John, I'm sympathetic to your disquiet at having composed an extensive reply to then find someone else has already responded in like manner. It has happened to me often such that now I sometimes open the thread again in a new window to check before hitting the Submit button to my response.

Cheers
Allan

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Follow Up By: Ross M - Thursday, Sep 13, 2012 at 16:07

Thursday, Sep 13, 2012 at 16:07
Allan B
When you said you check, by opening another window, I thought you must have Irish blood ie. to be sure to be sure.
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Reply By: Allan B (Member, SunCoast) - Thursday, Sep 13, 2012 at 14:10

Thursday, Sep 13, 2012 at 14:10
In truth, for some time I have found my cranking battery falling-off in charge when not being used. So I am now about to do just what I advised above..... connect a milliammeter and see if there is a draining load. If not then I have a self-discharging battery..... oh woe!

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Allan

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Follow Up By: Allan B (Member, SunCoast) - Thursday, Sep 13, 2012 at 15:33

Thursday, Sep 13, 2012 at 15:33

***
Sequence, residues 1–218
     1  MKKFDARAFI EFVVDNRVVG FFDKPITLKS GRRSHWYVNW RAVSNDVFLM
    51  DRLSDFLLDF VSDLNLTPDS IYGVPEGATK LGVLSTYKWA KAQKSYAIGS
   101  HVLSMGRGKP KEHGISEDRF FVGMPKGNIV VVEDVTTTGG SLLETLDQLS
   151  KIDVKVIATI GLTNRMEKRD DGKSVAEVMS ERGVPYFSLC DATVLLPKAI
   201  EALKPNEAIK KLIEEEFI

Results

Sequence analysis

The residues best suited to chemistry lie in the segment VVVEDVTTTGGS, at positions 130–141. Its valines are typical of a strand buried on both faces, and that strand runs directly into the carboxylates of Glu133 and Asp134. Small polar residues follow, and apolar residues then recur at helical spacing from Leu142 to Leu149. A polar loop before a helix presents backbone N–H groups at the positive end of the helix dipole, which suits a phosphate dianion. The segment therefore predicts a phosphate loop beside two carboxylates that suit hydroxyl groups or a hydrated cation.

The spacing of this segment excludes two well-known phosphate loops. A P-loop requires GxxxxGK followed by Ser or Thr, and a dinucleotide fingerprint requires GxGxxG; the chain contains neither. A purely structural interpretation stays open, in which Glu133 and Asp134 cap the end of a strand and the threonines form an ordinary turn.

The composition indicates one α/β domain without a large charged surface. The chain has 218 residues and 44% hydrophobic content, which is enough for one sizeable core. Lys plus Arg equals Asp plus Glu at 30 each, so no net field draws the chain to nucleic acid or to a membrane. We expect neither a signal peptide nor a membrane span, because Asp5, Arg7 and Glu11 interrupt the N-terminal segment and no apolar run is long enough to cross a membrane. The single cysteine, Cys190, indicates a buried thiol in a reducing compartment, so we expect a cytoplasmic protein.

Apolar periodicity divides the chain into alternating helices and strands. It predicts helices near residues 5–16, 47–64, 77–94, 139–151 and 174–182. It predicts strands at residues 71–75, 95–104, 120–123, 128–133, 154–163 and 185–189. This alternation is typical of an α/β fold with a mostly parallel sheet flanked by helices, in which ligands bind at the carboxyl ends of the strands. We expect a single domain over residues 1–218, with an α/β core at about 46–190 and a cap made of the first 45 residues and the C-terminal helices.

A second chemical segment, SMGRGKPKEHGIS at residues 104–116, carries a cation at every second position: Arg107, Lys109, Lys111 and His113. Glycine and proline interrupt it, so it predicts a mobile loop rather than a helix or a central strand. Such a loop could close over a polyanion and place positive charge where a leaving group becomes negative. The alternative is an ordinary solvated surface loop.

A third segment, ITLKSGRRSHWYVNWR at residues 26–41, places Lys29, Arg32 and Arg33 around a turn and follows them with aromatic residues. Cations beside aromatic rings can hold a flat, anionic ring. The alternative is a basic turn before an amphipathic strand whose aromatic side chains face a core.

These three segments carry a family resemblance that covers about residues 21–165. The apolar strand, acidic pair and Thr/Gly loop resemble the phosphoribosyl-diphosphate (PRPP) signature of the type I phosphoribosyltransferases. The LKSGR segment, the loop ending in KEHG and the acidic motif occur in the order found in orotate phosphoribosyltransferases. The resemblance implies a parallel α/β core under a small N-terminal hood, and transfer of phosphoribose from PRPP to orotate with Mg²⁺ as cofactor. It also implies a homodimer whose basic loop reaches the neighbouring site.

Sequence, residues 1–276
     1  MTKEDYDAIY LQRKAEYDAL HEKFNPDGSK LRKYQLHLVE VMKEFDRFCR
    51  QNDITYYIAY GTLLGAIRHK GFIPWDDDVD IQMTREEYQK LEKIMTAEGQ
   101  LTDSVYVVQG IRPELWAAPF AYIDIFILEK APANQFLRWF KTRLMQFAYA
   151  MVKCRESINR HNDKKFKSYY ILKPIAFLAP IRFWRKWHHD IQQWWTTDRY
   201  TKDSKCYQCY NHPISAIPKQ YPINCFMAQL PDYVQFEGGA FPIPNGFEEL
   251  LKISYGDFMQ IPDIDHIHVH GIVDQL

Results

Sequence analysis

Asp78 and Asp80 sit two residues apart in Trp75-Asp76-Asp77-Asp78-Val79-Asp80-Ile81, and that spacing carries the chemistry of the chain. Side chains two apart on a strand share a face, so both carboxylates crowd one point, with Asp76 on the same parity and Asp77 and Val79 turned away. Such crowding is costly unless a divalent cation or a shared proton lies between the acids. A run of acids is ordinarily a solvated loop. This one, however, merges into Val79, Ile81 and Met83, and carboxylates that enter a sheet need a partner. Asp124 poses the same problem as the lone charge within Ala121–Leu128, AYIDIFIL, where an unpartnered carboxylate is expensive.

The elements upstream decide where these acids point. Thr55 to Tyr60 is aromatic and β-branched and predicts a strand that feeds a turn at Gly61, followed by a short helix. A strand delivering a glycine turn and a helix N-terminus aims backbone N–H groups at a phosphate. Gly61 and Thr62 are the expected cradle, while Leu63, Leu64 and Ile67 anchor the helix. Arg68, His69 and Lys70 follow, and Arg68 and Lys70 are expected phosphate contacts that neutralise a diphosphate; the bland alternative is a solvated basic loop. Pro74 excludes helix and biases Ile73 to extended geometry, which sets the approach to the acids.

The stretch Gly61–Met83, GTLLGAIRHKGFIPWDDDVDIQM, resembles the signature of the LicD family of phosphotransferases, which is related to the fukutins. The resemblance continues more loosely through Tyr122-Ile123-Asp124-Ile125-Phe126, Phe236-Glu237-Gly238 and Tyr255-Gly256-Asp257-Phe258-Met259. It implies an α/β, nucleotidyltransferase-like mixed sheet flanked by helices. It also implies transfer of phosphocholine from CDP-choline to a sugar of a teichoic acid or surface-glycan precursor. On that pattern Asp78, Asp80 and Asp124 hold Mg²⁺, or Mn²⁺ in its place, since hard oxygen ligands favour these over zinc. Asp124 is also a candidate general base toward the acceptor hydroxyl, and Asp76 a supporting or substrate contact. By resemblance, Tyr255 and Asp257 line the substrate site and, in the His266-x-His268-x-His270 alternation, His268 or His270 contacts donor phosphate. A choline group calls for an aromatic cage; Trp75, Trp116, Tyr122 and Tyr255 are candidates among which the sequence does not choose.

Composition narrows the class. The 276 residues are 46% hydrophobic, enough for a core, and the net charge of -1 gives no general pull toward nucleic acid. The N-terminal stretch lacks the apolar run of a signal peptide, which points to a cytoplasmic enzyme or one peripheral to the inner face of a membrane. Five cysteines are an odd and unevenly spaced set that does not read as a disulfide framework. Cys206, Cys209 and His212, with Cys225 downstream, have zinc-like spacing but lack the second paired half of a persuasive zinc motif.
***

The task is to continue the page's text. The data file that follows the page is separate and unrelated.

Well that was interesting but inconclusive. There is 25mA drain on my cranking battery. I have three outgoing circuits, one to the vehicle electrics and one each to two Redarc BCDC1220 chargers thence to two auxiliary batteries.

Of these outgoings, the vehicle drain is essentially zero, one aux circuit is 5mA and the other is 20mA. Redarc specs for the BCDC1220 is <5mA current in standby, so one is drawing 20mA. I will investigate this further but on the evidence, 25mA constant drain is only 4.2AH per week battery discharge. Not enough to cause the performance loss I am experiencing so there may be some battery internal discharge also. Bugger, now where is that warranty invoice?

For the moment, I have left the battery disconnected from all wiring and will see if it still discharges. Mind you, it is only a problem when garaged. When touring the daily usage eliminates the problem.